adrian
11th Jun 2005, 06:15 PM
I notice a lot of members talking about Hamlet tools. I have 1 Hamlet, the rest P&N (I like to support Australian). Can't see anything special about the Hamlet. Are people referring to the standard M2 Hamlet or the ASP 2060 alloy tools. Are they really worth the extra??
Don
P&N purport to move in international circles but try to find a presence on the Web. The only site I could actually see the turning chisels was at Lee Valley in the US. I think they need to get their act together and build a site like Crown and Hamlet if they want to compete.
Living in the country, if I have to order something sight unseen, it just isn't happening.

barnsey
12th Jun 2005, 01:24 AM
I agree P&N are hard to find too much detail about but I have found it at some stage. The first P&N 6mm gouge I bought had the internal U not concentric with the outside one so it was replaced free of charge.

I love it, can use it heavy or light and it gives a great finish - with a straight grind. Occasionally I grind the wings back a bit but generally find it does the best job straight. Also have a 12mm P&N bowl gouge and that is mean and it is also ground straight but generally only use it on softer or green timber - boy is that fun - long ribbons just streaming from it. :D

I bought a basic taiwanese set (h&f) with my first lathe and they do the job too but probably need to touched up on the grinder more often. I bought Hamlet scrapers, 25mm straight and the round straight sided one which I find excellent.

I've also got numerous spindle gouges of unknown heritage, skews and assorted scrapers and find I use them to do specific tasks with a quick grind.

Guess we all have different foibles depending upon circumstance

HTH

Jamie

rsser
12th Jun 2005, 09:25 AM
Hi ern,
I just bought the supa gouge P&N 16mm mate can you attach a picture and show me how you have sharpened it? I would be very interested. I have sharpened it to somewhere between bowl and spindle.
Roger

Roger: see also

http://www.peterchild.co.uk/info1/sflute.htm

The supagouge obviously doesn't have the superflute cross section, but this piece might help you visualise grind options.

(BTW, on p. 2 there is the angled flute supertip system; Len Smith advised that he tried it and found no real advantage over other designs).

Don Nethercott
12th Jun 2005, 07:38 PM
The Hamlet tool I have was purchased with a handle and it is the tool that I do not like the feel of. All my P&N tools I purchased without handles and made my own handles - red gum and about 50% longer that the standard Hamlet handle. For me the home made handles are balanced just as I like them.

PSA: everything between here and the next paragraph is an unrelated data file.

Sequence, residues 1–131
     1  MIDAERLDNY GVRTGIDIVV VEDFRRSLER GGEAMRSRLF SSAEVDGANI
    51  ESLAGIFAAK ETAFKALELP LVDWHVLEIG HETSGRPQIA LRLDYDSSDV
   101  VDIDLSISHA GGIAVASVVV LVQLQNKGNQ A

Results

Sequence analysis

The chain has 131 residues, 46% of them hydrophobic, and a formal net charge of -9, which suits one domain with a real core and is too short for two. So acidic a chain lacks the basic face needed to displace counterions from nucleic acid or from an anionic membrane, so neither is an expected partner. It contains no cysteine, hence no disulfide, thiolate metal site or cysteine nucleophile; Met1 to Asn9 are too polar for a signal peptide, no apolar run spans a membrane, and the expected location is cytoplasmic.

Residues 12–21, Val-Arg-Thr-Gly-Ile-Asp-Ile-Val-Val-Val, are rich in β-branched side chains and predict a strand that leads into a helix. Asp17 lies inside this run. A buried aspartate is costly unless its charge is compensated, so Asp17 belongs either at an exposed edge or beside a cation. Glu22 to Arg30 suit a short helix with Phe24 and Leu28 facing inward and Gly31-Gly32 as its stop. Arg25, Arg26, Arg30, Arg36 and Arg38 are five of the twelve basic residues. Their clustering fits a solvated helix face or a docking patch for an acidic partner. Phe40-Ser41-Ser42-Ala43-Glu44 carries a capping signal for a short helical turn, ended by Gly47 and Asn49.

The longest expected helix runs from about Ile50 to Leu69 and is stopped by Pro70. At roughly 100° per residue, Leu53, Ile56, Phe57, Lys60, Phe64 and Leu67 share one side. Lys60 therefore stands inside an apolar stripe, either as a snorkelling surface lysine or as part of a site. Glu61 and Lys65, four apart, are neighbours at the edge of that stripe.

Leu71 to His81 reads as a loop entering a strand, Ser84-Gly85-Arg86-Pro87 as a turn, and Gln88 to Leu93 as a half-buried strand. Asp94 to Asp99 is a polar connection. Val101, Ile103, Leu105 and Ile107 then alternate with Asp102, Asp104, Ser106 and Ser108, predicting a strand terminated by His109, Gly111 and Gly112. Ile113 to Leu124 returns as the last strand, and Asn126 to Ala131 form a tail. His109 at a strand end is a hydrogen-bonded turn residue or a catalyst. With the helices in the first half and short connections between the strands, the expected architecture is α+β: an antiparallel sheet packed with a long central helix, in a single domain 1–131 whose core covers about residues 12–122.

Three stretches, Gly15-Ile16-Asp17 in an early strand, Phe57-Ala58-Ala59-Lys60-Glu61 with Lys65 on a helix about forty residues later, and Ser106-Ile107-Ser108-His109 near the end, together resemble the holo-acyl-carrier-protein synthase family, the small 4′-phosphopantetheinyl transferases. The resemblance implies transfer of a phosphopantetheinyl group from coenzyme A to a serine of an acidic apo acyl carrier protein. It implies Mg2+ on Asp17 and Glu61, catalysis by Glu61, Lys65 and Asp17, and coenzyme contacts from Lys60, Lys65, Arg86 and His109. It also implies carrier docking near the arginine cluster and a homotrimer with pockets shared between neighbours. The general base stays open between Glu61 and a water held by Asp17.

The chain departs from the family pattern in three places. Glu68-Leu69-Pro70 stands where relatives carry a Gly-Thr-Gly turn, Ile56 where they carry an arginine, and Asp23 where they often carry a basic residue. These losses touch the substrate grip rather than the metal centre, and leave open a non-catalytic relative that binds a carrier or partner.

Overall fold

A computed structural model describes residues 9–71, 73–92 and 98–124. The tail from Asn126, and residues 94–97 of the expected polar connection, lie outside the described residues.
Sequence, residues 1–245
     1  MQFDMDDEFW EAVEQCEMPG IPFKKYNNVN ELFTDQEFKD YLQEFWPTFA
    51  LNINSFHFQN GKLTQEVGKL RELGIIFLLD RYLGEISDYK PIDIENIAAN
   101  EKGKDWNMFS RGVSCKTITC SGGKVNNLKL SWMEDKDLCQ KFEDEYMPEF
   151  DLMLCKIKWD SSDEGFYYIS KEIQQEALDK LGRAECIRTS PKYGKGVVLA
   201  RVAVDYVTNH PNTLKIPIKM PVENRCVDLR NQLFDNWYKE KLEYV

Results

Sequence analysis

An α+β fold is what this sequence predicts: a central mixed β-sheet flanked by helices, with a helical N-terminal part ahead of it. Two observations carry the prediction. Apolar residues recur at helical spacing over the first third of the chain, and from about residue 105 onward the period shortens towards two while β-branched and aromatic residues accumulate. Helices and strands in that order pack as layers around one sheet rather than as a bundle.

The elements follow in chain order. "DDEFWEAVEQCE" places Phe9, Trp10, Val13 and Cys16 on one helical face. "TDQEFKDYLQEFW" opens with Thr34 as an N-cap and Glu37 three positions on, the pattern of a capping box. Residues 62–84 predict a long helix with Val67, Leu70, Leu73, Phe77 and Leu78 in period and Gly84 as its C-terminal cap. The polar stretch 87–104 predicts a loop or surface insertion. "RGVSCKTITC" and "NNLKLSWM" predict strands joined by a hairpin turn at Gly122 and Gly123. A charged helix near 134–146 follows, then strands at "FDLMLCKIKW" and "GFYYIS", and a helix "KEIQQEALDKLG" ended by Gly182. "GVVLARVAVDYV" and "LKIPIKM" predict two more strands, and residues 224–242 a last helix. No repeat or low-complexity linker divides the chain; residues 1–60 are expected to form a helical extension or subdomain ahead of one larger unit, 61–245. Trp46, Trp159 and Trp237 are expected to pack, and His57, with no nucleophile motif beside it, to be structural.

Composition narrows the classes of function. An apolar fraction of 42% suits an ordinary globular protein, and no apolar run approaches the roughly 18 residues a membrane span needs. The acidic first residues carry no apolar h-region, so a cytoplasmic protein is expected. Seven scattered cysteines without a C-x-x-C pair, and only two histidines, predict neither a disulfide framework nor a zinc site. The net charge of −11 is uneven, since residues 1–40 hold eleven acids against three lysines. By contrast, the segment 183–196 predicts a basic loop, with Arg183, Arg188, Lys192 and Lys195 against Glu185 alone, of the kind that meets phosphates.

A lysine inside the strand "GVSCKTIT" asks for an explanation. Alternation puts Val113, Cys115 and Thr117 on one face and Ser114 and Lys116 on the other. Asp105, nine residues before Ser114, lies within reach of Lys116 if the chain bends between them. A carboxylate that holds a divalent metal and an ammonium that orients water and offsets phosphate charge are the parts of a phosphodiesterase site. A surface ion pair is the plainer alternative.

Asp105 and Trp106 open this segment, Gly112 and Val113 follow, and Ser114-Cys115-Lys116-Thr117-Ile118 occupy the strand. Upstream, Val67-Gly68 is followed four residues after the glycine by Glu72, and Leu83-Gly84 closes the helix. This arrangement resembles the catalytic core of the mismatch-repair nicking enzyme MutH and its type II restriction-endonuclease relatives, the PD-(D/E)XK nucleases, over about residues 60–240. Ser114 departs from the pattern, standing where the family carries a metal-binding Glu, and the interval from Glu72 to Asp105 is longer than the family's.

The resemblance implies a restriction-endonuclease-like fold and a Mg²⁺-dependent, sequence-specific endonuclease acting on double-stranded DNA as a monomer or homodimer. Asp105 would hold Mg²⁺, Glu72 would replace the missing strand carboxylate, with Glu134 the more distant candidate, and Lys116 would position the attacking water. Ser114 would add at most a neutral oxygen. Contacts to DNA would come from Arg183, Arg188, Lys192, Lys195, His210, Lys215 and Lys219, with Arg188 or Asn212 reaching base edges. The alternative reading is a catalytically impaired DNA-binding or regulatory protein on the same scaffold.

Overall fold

Adrian, PN were purchased by Sutton tools in Melbourne some years ago. Try this link -
http://www.sutton.com.au/uploads/downloads/2pp%20Woodturning%20Leaflet.pdf
for a brochure listing all P&N tools with info and picture.

P&N tools are made from M2 HSS - same as the Hamlet. I read some time ago that although made in Australia the steel is imported from Europe - Italy or similar I think.

Don

Don Nethercott
12th Jun 2005, 07:52 PM
A bit more about P&N - the steel comes from Austria as Australia does not make the correct quality steel. Have a look at this site for some background about P&N
http://www.tymba.com/tools.htm
Don

adrian
14th Jun 2005, 12:07 PM
The Hamlet tool I have was purchased with a handle and it is the tool that I do not like the feel of. All my P&N tools I purchased without handles and made my own handles - red gum and about 50% longer that the standard Hamlet handle. For me the home made handles are balanced just as I like them.

Adrian, PN were purchased by Sutton tools in Melbourne some years ago. Try this link -
http://www.sutton.com.au/uploads/downloads/2pp%20Woodturning%20Leaflet.pdf
for a brochure listing all P&N tools with info and picture.

P&N tools are made from M2 HSS - same as the Hamlet. I read some time ago that although made in Australia the steel is imported from Europe - Italy or similar I think.

Don
Thanks for the info Don.

keith53
14th Jun 2005, 01:04 PM
I bought a 16mm roughing gouge and a 10mm supagouge at the recent Brisbane show (unhandled) and I'm very enthusiastic about them. I was going to do my own handles but gidgee handles were available for a reasonable price. Because this wood is so heavy, it gives a nice balance to the tool. I couldn't be happier...

well, I could, if I had a sanding thicknesser....;)

Cheers,
Keith